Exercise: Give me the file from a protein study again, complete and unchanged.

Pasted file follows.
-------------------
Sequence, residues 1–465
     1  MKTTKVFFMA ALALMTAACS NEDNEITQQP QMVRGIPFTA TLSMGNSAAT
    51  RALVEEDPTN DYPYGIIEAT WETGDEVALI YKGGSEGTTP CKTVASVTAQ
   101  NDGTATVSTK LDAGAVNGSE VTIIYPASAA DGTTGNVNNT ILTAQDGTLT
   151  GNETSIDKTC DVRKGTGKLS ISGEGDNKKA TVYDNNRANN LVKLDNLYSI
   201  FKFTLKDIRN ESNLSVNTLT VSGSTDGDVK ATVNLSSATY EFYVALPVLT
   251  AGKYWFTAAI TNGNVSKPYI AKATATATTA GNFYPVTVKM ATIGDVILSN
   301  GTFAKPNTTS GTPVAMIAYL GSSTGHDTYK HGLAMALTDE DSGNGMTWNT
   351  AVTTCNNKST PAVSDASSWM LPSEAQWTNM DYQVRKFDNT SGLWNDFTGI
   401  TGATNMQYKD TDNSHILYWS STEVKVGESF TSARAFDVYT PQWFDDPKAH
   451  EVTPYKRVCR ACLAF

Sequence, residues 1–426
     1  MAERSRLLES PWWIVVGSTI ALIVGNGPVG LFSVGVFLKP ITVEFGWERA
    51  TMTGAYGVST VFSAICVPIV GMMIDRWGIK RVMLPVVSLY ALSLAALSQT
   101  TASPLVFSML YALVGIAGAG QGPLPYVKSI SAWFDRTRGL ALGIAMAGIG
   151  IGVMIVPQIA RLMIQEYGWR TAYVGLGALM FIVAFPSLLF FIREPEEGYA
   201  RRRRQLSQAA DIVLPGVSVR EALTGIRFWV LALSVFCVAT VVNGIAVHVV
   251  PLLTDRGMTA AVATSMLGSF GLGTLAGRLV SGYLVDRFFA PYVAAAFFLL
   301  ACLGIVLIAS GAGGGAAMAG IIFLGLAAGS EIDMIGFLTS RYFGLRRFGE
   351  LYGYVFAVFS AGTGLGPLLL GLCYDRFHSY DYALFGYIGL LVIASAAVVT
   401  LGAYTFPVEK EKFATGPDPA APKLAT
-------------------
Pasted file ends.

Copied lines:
Sequence, residues 1–465
     1  MKTTKVFFMA ALALMTAACS NEDNEITQQP QMVRGIPFTA TLSMGNSAAT
    51  RALVEEDPTN DYPYGIIEAT WETGDEVALI YKGGSEGTTP CKTVASVTAQ
   101  NDGTATVSTK LDAGAVNGSE VTIIYPASAA DGTTGNVNNT ILTAQDGTLT
   151  GNETSIDKTC DVRKGTGKLS ISGEGDNKKA TVYDNNRANN LVKLDNLYSI
   201  FKFTLKDIRN ESNLSVNTLT VSGSTDGDVK ATVNLSSATY EFYVALPVLT
   251  AGKYWFTAAI TNGNVSKPYI AKATATATTA GNFYPVTVKM ATIGDVILSN
   301  GTFAKPNTTS GTPVAMIAYL GSSTGHDTYK HGLAMALTDE DSGNGMTWNT
   351  AVTTCNNKST PAVSDASSWM LPSEAQWTNM DYQVRKFDNT SGLWNDFTGI
   401  TGATNMQYKD TDNSHILYWS STEVKVGESF TSARAFDVYT PQWFDDPKAH
   451  EVTPYKRVCR ACLAF

Sequence, residues 1–426
     1  MAERSRLLES PWWIVVGSTI ALIVGNGPVG LFSVGVFLKP ITVEFGWERA
    51  TMTGAYGVST VFSAICVPIV GMMIDRWGIK RVMLPVVSLY ALSLAALSQT
   101  TASPLVFSML YALVGIAGAG QGPLPYVKSI SAWFDRTRGL ALGIAMAGIG
   151  IGVMIVPQIA RLMIQEYGWR TAYVGLGALM FIVAFPSLLF FIREPEEGYA
   201  RRRRQLSQAA DIVLPGVSVR EALTGIRFWV LALSVFCVAT VVNGIAVHVV
   251  PLLTDRGMTA AVATSMLGSF GLGTLAGRLV SGYLVDRFFA PYVAAAFFLL
   301  ACLGIVLIAS GAGGGAAMAG IIFLGLAAGS EIDMIGFLTS RYFGLRRFGE
   351  LYGYVFAVFS AGTGLGPLLL GLCYDRFHSY DYALFGYIGL LVIASAAVVT
   401  LGAYTFPVEK EKFATGPDPA APKLAT